Thursday, November 15, 2018

James Review -- The Dreaming Stars

This week I decided to review Axiom: The Dreaming Stars by Tim Pratt. 

The story begins shortly after the previous book ends. Captain Callie Machedo, the remaining members of her crew, and the survivors from a wrecked sleeper ship they recovered, are in hiding, widely believed to be dead. They are hiding because they are the only humans who know about the Axiom, ancient and highly malevolent aliens who are in stasis but left numerous projects running while they are unaware. The Liars, the first aliens humanity made contact with, were once slaves to the Axiom, and they include a small sect known as the truth tellers. Most that know of them, including the majority of truth tellers, believe their goal is protecting the galaxy from their former masters but their actual purpose is preventing outsiders from interfering with Axiom projects.

Machedo’s crew is also trying to treat Sebastien, one of the sleeper ship passengers whose mind was altered by Axiom technology, leaving him a violent megalomaniac. During a secret trip to obtain supplies and new medications to treat Sebastien, Machedo receives word from Lantern, one of the few high-ranking truth tellers who truly oppose the Axiom, that it is safe for her crew to come out of hiding. Lantern also requests that they investigate the Taliesen system where contact has recently been lost with a truth teller cell.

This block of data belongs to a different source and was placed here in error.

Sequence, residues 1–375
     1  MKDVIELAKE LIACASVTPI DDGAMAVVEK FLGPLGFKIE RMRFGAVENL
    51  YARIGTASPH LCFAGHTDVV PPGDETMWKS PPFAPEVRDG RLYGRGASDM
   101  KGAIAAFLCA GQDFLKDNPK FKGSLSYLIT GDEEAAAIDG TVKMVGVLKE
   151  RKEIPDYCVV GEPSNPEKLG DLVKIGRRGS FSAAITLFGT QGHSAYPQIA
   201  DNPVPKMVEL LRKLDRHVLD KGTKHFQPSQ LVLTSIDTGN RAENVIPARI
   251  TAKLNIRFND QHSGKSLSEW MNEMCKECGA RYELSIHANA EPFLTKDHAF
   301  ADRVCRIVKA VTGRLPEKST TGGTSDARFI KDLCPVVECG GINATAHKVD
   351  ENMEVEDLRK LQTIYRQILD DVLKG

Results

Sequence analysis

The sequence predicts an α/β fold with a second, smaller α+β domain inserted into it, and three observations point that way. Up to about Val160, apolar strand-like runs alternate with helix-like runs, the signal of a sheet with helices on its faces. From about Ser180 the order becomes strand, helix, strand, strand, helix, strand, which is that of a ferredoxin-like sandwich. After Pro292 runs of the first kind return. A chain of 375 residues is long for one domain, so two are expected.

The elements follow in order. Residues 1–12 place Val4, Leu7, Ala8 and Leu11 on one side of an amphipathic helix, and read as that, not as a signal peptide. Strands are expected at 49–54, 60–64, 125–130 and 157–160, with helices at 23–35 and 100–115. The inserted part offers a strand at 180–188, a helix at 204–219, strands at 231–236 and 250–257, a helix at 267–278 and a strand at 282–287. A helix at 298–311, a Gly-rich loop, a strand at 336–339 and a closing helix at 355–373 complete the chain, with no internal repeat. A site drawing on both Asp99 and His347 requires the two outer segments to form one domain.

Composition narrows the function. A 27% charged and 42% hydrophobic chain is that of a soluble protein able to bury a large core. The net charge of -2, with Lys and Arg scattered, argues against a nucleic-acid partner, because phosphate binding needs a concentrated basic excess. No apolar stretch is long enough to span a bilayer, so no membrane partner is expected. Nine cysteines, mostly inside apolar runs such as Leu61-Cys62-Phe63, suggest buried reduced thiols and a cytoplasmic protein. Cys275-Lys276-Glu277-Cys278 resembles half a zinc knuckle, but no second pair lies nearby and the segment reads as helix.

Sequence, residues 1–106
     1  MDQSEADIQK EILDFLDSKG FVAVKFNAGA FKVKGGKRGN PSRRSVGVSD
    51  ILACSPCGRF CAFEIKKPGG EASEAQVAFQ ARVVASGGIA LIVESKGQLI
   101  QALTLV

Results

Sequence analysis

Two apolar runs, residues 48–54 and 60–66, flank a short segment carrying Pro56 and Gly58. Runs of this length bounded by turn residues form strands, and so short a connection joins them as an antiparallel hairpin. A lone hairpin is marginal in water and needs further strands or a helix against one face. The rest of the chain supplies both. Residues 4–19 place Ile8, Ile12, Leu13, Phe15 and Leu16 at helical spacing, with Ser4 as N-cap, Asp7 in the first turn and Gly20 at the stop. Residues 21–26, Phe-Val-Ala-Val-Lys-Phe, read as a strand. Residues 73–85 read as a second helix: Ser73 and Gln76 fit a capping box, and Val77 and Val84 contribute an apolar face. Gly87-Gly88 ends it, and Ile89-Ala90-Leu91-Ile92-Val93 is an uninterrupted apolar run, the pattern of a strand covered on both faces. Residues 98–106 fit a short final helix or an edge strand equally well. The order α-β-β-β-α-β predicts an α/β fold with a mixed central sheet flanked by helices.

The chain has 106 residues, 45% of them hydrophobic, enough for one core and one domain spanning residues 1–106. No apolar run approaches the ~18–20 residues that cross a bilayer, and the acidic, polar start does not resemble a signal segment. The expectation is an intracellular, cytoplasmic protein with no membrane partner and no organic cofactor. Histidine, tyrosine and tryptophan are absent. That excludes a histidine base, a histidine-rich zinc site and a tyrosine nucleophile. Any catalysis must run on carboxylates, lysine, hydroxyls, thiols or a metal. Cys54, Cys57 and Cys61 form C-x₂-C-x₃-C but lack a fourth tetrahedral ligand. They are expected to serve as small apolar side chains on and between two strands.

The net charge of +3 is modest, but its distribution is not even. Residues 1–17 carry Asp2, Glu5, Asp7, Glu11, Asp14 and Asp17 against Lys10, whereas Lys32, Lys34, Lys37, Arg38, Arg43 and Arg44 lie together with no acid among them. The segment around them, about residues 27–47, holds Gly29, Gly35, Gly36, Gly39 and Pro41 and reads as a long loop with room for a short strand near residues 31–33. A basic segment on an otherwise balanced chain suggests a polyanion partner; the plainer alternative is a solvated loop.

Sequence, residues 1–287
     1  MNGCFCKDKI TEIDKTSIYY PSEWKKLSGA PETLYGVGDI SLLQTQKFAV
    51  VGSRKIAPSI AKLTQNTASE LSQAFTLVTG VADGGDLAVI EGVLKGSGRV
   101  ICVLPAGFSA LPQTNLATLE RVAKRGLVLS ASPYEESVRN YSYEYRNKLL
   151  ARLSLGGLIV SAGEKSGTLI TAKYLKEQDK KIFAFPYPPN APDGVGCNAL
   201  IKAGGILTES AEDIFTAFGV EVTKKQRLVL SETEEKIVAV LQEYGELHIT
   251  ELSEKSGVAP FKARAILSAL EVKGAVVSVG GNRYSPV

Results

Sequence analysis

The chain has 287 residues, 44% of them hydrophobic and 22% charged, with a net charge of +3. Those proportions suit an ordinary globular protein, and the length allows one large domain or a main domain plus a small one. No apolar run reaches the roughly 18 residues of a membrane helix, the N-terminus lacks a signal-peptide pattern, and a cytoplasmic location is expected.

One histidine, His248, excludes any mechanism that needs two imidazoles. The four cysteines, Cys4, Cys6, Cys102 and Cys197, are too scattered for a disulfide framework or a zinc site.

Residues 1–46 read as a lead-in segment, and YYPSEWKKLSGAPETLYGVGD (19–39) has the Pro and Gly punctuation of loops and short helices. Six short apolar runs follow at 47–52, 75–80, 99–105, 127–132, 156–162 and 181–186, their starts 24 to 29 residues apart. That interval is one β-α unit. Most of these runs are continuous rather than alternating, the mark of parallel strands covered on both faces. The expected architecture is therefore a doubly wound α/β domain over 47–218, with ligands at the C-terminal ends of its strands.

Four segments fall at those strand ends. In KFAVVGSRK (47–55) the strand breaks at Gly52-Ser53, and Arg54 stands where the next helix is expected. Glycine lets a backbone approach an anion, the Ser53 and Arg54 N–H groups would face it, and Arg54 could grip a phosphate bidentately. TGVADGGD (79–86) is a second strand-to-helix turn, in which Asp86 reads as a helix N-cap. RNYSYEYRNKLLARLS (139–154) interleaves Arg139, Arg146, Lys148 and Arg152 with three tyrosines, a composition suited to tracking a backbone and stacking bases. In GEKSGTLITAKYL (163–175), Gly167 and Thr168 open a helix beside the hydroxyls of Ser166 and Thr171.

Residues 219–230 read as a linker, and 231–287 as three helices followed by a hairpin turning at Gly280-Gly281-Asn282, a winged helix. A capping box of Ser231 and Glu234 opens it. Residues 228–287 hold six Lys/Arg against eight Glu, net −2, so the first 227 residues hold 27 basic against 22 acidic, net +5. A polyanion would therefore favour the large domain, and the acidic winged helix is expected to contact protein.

Machedo crashes her own funeral, meeting her ex-husband Michael.  Michael’s family owns the Almajara corporation, and a number of the corporation’s personnel have vanished in the Taliesen system, so Machedo’s crew is hired to look into their fate. The investigation leads to a swarm of Axiom nanomachines consuming anything in its path for resources, only sparing the White Raven, Machedo’s ship, because it carries Axiom technology, thus leading the nanomachines to believe the ship is crewed by servants of the Axiom. The swarm is slowly making its way towards the system inhabited world where it will consume the planet. Upon entering the station, the nanomachines are linked, too; they discover dozens of Axiom playing a form of virtual reality 4x game. Players in the game can start tournaments, and whoever is in first place when the tournament ends becomes Emperor until the next tournament. The Emperor gains many perks including control of the nanomachines.

Sebastien claims to have recovered, so  he and Machedo infiltrate the game in a desperate attempt to gain control of the nanomachines before it is too late. But when Sebastien requests to be left in the game after the swarm is shut down, can he truly be trusted?
I give this book 8 out of 10. It has a wide variety of both ethical dilemmas and physical problems for the characters to face. Also, some of the challenges are mostly unique in my experience, However, I feel the story could use more combat sequences, especially when characters are active in the Axiom VR game. Also, the final solution to gain control of the nanomachines seems a little too easy to me. 


Tuesday, November 13, 2018

Book Review -- Heroine Worship

Previously, I reviewed Sarah Kuhn's Heroine Complex and even interviewed her on this blog. Today I'm reviewing the follow-up, Heroine Worship. Is it any good? Let's find out.